Joint Statement With Prime Minister Laval.
THE TRADITIONAL friendship between the United States and France, the absence of all controversy between our two Governments, a record of many events in collaboration toward peace of the world, embracing among its recent phases the adoption of the Kellogg-Briand Pact, render it possible and opportune for the representatives of our Governments to explore every aspect of the many problems in which we are mutually interested.
Indeed the duty of statesmen is not to overlook any means of practical cooperation for the common good. This is particularly true at a time when the world looks for leadership in relief from a depression which reaches into countless homes in every land. Relations of mutual confidence between governments have the most important bearing upon speeding the recovery which we seek. We have engaged upon that mission with entire frankness. We have made real progress.
We canvassed the economic situation in the world, the trends in international relations bearing upon it; the problems of the forthcoming conference for limitation and reduction of armaments; the effect of the depression on payments under intergovernmental debts; the stabilization of international exchanges and other financial and economic subjects.
An informal and cordial discussion has served to outline with greater precision the nature of the problems. It has not been the purpose of either of us to engage in commitments binding our governments, but rather, through development of fact, to enable each country to act more effectively in its own field.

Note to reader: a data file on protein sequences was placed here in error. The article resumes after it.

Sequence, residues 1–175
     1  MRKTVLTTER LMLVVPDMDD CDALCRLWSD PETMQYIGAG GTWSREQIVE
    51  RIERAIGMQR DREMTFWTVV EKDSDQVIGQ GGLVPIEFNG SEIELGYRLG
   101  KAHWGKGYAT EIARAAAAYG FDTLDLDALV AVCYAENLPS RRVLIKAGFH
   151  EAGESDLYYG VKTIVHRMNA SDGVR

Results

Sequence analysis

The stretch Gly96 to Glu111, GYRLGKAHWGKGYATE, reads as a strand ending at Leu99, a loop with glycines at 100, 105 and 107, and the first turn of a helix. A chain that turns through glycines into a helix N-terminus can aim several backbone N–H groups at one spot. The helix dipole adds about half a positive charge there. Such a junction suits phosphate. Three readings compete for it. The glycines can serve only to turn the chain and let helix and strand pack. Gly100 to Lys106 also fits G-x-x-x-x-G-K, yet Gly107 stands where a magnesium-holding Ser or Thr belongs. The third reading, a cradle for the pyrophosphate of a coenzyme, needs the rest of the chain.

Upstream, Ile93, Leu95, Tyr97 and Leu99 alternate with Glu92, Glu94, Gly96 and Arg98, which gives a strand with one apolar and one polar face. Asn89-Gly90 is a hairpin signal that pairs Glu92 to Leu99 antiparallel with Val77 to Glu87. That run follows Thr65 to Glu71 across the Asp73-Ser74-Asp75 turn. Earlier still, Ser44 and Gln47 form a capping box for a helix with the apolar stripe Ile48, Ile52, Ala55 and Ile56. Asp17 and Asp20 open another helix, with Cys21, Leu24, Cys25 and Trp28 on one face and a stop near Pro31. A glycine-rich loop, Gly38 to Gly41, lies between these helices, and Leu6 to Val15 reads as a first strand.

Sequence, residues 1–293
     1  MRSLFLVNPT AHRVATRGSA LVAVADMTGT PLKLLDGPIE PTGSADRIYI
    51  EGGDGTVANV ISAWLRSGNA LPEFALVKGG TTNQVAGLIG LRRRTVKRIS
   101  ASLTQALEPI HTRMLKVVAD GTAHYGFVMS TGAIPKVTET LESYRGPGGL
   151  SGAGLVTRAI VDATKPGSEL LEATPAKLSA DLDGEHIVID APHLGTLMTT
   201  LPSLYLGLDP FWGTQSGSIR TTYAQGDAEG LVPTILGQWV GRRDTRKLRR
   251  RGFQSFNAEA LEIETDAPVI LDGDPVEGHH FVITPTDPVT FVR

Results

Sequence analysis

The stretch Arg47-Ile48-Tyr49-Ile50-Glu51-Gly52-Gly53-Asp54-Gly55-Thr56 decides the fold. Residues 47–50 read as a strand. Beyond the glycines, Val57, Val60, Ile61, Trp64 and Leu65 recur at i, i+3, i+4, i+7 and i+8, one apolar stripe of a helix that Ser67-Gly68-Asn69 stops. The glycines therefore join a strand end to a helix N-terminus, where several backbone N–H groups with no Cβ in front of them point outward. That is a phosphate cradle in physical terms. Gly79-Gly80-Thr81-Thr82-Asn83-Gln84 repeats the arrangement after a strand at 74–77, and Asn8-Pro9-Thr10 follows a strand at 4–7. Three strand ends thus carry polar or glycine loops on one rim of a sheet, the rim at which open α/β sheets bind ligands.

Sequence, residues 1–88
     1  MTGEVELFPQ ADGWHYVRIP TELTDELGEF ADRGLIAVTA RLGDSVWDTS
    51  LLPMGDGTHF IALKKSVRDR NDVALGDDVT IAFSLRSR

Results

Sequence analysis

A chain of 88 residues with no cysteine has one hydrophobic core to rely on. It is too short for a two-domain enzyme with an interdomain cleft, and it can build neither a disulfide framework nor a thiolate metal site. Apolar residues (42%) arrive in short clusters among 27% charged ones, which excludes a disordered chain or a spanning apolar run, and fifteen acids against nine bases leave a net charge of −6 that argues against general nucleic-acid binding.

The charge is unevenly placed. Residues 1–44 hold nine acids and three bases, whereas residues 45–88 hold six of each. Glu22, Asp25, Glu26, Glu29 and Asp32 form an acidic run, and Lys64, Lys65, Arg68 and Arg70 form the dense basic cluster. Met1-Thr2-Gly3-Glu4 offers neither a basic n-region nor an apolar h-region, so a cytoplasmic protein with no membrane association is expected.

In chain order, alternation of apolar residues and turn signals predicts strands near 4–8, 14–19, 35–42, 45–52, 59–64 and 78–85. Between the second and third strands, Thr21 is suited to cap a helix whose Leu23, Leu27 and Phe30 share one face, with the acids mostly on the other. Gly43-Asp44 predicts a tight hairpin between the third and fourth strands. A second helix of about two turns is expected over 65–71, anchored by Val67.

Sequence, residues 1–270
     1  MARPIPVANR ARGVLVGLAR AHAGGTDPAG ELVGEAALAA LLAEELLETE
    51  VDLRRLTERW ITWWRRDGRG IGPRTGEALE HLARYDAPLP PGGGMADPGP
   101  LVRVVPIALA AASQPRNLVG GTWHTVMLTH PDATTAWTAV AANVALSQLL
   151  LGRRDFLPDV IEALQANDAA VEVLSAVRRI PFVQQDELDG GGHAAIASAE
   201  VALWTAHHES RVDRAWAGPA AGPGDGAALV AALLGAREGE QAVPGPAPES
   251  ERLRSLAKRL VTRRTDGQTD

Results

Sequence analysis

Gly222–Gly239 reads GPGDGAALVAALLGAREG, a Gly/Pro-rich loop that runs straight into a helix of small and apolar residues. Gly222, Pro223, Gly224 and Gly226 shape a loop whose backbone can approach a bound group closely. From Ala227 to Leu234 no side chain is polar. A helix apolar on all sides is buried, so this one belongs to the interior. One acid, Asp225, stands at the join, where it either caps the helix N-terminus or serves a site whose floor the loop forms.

It is our joint purpose that the conference for limitation of armaments will not fail to take advantage of the great opportunity which presents itself and that it will be capable of meeting what is in reality its true mission, that is, the organization on a firm foundation of permanent peace.
Insofar as intergovernmental obligations are concerned we recognize that prior to the expiration of the Hoover year of postponement, some agreement regarding them may be necessary covering the period of business depression, as to the terms and conditions of which the two governments make all reservations. The initiative in this matter should be taken at an early date by the European powers principally concerned within the framework of the agreements existing prior to July 1, 1931.
Our especial emphasis has been upon the more important means through which the efforts of our governments could be exerted toward restoration of economic stability and confidence. Particularly we are convinced of the importance of monetary stability as an essential factor in the restoration of normal economic life in the world in which the maintenance of the gold standard in France and the United States will serve as a major influence.
It is our intent to continue to study methods for the maintenance of stability in international exchanges.
While in the short time at our disposal it has not been possible to formulate definite programs, we find that we view the nature of these financial and economic problems in the same light and that this understanding on our part should serve to pave the way for helpful action by our respective governments.
Herbert Hoover, Joint Statement With Prime Minister Laval. Online by Gerhard Peters and John T. Woolley, The American Presidency Project https://www.presidency.ucsb.edu/node/208014